Tuesday, 12 May 2015


Perception is the process by which stimulation of the senses is translated into meaningful experience.
Perception is the process of acquiring, interpreting, selecting and organizing sensory information. Many cognitive psychologists hold that, as we move about in the World we create a model of how the World works.... (New World Encyclopedia).
Fascinating isn't it as to how we all grasp hold of something that we feel comfortable with but really it is up for debate as to whether or not what we are holding is in fact something that is worth holding.
I have always felt that with a sport such as tennis there are in fact way too many perceptions of what is correct, hence the discrepancy from club to club, coach to coach, player to player, pro to pro. So who is correct ?
I have often spoke fondly of Gilbert's perception of the game and how he took an almost waste of talent in Agassi to the best player in the World. I have and always will speak fondly of the Swedes of the 70's and 80's and how they had a perception of the sport that looking back on was rather simple to implement yet hard to sustain.
I remember just a couple of weeks back when an AFL Coach talked about his players and their dominance for three quarters and their failure in the last 25 minutes to sustain that level of dominance, despite their win. He spoke of that initial level being almost an 'impossibility' to sustain for the entire match. I find that interesting. The coach gave them a plan that was perceived as 'fool proof' and they stuck to it for as long as their minds could cope with it. Why did it change ?
I believe it has a lot to do with the nature of sport and how coaching can instill some ideas yet it cannot guarantee success, a common problem that is tough to find answers for. A tennis coach can work all they like with a student yet they cannot teach them how to play tennis without simulated play in practice. I have seen countless lessons that are a total waste of time except for the 'cardio' workout that could have been so much more yet the coach failed to teach the vital ingredient, perception.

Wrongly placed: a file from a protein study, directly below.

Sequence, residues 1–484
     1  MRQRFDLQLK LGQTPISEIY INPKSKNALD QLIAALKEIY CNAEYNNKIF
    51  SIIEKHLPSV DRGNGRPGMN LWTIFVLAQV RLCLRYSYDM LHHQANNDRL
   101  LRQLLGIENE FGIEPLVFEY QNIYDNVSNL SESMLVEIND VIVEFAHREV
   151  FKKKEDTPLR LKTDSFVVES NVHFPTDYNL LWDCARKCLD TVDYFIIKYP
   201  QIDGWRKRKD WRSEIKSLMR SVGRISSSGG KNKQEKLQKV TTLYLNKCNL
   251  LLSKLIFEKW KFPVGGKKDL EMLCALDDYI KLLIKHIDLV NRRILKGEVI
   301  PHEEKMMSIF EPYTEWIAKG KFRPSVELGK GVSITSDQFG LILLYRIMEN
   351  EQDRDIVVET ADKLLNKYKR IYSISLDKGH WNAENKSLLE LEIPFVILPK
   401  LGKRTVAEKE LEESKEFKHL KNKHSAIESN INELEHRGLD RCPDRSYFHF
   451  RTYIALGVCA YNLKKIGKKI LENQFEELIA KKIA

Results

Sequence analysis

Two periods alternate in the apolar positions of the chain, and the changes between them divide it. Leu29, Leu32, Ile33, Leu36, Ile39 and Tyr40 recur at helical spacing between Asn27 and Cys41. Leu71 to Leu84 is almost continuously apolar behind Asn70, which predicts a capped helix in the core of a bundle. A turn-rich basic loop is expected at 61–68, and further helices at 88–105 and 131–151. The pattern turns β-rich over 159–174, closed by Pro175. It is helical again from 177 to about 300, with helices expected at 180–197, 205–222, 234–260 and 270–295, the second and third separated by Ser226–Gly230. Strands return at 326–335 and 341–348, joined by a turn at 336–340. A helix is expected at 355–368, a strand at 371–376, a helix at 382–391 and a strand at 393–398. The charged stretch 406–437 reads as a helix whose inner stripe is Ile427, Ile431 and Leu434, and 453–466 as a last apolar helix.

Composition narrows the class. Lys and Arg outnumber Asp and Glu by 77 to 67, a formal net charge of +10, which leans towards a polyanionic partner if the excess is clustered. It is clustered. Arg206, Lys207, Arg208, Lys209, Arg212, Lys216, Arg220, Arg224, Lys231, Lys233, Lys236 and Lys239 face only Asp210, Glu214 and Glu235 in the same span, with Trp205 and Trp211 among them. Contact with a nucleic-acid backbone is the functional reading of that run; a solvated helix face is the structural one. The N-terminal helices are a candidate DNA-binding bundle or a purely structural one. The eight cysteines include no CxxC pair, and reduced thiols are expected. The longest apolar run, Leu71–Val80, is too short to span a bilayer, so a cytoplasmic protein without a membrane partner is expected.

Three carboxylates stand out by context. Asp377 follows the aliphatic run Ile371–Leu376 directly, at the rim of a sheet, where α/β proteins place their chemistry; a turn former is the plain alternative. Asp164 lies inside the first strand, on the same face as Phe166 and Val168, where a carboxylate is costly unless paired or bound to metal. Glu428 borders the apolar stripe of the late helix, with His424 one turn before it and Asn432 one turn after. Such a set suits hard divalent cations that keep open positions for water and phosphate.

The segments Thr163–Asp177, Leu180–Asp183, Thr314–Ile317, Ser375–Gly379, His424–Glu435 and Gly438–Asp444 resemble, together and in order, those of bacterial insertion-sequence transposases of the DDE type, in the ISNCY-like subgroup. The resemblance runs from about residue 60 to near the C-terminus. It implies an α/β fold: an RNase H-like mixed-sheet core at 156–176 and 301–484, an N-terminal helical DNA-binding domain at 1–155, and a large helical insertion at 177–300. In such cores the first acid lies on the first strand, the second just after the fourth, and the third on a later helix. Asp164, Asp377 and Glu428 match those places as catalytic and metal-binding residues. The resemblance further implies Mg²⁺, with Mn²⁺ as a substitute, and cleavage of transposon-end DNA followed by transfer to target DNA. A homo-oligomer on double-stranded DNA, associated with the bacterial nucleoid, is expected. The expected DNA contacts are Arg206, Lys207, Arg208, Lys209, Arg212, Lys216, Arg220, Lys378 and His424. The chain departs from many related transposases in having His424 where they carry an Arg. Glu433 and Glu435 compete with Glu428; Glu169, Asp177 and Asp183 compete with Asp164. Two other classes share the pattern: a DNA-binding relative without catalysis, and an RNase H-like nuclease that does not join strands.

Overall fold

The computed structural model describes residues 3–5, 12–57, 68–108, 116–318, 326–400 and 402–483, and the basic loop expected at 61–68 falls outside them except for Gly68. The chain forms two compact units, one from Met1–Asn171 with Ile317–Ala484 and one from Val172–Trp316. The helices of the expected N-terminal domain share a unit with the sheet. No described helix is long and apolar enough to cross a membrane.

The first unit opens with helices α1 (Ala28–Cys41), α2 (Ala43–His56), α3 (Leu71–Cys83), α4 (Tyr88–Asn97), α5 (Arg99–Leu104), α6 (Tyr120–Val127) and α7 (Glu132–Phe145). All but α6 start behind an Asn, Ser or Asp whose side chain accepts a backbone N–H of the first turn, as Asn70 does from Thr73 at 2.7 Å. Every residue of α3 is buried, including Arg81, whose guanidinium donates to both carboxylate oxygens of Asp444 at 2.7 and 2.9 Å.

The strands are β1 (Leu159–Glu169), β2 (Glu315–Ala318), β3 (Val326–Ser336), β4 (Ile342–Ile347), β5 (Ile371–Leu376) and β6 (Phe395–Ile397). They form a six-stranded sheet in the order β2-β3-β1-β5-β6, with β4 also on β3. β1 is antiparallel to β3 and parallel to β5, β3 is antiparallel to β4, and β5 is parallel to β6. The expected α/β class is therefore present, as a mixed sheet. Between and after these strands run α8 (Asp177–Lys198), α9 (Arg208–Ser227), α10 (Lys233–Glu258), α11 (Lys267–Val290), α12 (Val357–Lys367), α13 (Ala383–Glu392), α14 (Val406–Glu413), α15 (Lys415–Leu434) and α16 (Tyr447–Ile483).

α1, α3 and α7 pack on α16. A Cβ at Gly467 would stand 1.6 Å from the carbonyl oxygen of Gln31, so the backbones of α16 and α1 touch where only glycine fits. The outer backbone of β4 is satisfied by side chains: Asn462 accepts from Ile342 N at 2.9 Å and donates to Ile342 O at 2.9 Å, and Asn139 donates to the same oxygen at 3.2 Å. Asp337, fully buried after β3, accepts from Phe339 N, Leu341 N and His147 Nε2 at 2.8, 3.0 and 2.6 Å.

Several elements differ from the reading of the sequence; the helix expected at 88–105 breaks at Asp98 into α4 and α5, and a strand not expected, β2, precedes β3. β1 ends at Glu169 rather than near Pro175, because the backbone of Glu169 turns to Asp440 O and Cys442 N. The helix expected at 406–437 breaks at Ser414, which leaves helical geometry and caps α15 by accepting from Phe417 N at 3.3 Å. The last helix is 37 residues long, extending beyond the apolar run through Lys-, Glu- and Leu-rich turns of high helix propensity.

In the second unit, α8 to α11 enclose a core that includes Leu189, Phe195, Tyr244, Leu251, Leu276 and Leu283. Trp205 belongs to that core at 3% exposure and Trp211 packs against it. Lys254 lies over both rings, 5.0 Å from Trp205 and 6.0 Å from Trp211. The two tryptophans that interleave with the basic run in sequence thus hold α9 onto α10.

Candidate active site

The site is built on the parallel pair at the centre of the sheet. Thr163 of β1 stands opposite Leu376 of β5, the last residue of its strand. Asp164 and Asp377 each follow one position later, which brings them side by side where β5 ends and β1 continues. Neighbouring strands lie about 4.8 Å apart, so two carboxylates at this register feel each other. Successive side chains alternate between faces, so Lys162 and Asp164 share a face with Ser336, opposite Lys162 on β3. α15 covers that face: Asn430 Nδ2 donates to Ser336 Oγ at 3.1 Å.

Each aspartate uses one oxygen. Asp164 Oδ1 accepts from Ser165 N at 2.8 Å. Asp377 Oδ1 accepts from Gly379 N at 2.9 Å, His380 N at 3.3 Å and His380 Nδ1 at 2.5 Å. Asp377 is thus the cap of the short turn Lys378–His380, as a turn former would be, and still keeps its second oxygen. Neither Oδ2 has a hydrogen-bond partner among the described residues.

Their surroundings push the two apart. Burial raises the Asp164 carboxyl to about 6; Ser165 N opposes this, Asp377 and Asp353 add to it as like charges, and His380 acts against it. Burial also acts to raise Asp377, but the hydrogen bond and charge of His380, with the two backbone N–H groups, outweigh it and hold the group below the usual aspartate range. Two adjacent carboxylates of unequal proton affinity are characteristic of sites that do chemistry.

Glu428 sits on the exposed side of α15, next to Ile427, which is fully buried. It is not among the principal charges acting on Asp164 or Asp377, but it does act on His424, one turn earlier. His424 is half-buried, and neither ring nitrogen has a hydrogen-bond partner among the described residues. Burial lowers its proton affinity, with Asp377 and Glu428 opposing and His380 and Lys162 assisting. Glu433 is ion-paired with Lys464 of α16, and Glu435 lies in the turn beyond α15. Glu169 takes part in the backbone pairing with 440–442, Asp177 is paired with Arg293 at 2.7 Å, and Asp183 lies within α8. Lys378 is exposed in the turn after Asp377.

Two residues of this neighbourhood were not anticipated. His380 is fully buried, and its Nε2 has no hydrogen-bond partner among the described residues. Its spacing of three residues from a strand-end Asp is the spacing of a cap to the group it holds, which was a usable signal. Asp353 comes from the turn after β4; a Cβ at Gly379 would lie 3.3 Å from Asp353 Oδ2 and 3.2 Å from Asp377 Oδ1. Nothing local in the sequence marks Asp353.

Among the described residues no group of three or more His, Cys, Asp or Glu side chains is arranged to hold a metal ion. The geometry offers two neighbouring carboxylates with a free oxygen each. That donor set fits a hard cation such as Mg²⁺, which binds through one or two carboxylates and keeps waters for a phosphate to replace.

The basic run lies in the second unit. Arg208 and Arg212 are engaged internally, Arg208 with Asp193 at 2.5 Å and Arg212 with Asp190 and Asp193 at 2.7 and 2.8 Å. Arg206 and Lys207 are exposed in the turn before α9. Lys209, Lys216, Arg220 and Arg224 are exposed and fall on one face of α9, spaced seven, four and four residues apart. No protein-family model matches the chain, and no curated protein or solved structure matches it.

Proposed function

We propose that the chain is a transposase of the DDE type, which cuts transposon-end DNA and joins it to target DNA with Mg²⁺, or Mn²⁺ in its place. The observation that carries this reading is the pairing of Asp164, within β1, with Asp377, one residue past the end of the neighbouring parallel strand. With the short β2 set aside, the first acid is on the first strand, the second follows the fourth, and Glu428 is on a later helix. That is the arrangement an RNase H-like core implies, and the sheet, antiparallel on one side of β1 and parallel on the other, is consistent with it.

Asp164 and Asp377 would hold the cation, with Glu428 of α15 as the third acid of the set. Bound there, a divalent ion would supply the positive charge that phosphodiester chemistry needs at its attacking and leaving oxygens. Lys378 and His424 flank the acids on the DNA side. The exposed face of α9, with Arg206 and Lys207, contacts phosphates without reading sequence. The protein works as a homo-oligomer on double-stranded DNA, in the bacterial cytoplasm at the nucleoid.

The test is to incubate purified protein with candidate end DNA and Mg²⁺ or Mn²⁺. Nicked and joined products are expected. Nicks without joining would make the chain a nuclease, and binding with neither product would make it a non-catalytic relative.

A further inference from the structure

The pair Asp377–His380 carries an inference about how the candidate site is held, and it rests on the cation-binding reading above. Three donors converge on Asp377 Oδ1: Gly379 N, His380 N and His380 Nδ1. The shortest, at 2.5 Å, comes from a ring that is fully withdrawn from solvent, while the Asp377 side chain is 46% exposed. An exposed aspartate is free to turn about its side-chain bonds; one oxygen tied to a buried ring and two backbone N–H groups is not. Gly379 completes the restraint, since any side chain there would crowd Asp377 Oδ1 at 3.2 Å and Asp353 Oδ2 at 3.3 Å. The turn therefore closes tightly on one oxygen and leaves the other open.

You can rabbit on all you like as a coach, in fact you can talk yourself blue in the face but if you are any sort of 'mentor' of the game then you will have a way of teaching that does not require anything else but a view on the game that actually makes sense.
Technique is useless without tactics and tactics are useless without technique so if a player lacks in one of these areas then why would you be teaching anything but the one that lacks progress ?
I have seen countless kids who's perception of tennis was simply to out hit their opponent where having a rally was not on their agenda. My way of dealing with that type of player was simple "Hey Champ have you somewhere else you need to be"?! So where did that type of perception begin ? Possibly by watching a player in the 'zone' who felt he could regularly hit a one dollar coin on either side of the court and who owned no fear whatsoever in regards to winning or losing. That's tough to teach.
My earliest perceptions of tennis were in fact to look for the opponent and actually hit it back to them ! Borg did it in the 70's against Vilas and Lendl to such a crazy extent that some of their rallies would be regularly 50, 60, 70 shots, particularly on the clay.
Jonny Mac's perception was to break the rhythm of a player like Borg, never allow the same shot to be played twice, don't be a 'practice partner' who keeps the ball in the comfort zone that ultimately builds confidence and improves technique.
Perception in tennis quite possibly is the one thing that prevents a good player from becoming a very, very good player but unfortunately a lot of the time it keeps getting back to the person who everyone relies on that little bit too much. That person is the one who owns the piece of paper which states that they are 'untouchable' as far as knowledge is concerned.
Tennis I believe is a sport that requires a mind that thinks for itself and one that does not need a constant earful of information on a regular basis. Good tennis coaches are hard to find and I think it comes down to the individual player more than anything else. The best players are the best thinkers.
It's a sport that needs feel, not unlike a surfer who knows when to stand up on the board when the wave is about to peak. It's a sport which requires instinct and an ability to understand a situation, like a boxer needing to duck a right hook.
Tennis is a sport that without perception is like a famous quote from Edward de Bono....
"Most of the mistakes in thinking are inadequacies of perception rather than mistakes of logic"
A thinking man's game is tennis but it's all how you perceive the task in front of you.......

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